Last month was Pregnancy and Infant Loss Awareness Month, and ARC Fertility wants to highlight the importance of recognizing the women and families that have experienced loss on their TTC journeys.
Losing a child at any point of gestation or age is arguably the most difficult thing any person can go through. It’s not the norm to outlive your children. It’s the kind of pain where nothing anybody says will ease the heartbreak. You are left mourning a piece of you that is no longer physically here with you; you’re mourning the hopes and dreams you had of watching your child grow up and live a life of their own. A child’s life is beautiful and innocent and the loss of a pregnancy or child is devastating, but unfortunately it happens every day and we must not turn our heads the other way because it’s too awful to think about. Instead, we need to open our hearts and arms to those who have had to live through losing a child. October is pregnancy and infant loss awareness month and I encourage you to reach out a loving hand if you know somebody close to you who has lost a pregnancy or infant.
Going through a loss is something that will never fully leave you. Many put in hard work to work through the trauma and have learned to cope and live a happy and fulfilling life after their loss, but it doesn’t mean that their minds don’t often wander to the child that should be by their side. People deal with their losses differently – some find talking openly about it helps and some find the topic just too painful to discuss. I do think there is a consistent thread that connects all who have endured a loss: the feeling of loneliness. Simply reaching out to the person or people in your life who have had a loss will make an impact. You may not know where they are in their journey and how it may be best to approach the subject but just a text, phone call, or a visit can really go a long way. You don’t even need to tell them why you are reaching out if you think they will be too upset by the subject; the point is to give them a moment where they are reassured that they are loved and supported in their life.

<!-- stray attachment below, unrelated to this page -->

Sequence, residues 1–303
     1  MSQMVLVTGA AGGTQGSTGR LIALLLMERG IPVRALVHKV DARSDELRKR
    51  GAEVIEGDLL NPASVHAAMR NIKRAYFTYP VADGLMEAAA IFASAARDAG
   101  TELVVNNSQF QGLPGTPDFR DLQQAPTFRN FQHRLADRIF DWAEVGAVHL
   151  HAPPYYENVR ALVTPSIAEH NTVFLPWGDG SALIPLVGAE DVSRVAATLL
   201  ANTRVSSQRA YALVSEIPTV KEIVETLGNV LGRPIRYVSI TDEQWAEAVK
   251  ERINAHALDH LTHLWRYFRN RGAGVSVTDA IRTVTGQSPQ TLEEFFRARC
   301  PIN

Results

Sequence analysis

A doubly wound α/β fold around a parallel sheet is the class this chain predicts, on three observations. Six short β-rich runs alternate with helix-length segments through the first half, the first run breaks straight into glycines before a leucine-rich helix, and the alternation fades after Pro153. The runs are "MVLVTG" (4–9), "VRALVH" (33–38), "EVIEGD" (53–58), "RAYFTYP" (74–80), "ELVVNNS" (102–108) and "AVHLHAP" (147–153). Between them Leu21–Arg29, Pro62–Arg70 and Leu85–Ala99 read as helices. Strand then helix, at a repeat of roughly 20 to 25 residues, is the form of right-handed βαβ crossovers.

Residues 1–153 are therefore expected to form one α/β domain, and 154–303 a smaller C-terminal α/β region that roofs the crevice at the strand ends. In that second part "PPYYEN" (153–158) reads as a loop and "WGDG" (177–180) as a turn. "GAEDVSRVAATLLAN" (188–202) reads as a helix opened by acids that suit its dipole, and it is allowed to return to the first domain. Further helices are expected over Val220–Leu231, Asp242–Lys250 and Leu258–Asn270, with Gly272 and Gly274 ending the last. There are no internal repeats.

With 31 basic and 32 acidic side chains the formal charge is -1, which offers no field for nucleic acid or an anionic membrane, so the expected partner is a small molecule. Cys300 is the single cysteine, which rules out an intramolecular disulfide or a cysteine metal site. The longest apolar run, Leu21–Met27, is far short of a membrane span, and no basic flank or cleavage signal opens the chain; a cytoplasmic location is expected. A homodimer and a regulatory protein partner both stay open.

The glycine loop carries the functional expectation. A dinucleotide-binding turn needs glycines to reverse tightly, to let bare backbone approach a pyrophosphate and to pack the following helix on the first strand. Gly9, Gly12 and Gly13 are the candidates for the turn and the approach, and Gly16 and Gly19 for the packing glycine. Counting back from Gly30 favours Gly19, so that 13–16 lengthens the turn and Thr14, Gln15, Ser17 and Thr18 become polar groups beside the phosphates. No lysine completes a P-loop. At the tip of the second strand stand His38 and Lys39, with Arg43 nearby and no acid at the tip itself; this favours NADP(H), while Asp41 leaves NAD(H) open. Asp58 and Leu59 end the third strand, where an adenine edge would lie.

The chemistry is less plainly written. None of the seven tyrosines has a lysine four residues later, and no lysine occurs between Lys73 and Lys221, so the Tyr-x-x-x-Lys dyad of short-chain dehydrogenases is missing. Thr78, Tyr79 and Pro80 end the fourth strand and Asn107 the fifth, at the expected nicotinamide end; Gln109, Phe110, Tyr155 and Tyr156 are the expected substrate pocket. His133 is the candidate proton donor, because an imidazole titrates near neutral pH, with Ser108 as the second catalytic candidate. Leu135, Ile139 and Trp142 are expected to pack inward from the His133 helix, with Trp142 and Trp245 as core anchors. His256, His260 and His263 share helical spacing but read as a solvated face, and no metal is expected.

If your loved one is the kind of person who is okay with talking openly about their loss, then let them know that you have been thinking of them and their baby. If the baby they lost had a name, use their name. Their name is so precious to your loved one and likely the only true sense of identity they have to hold onto for their baby.
If you bringing up their loss makes them cry, it’s okay…it’s a sad thing and they are comfortable enough with you to show you they are sad. Embrace them in their sadness and share it with them. Do not shy away from your loved one simply because you don’t know what to say or do. Nothing you can say or do will undo the tragedy in their life or take away their pain but if they feel your love, it will help them through.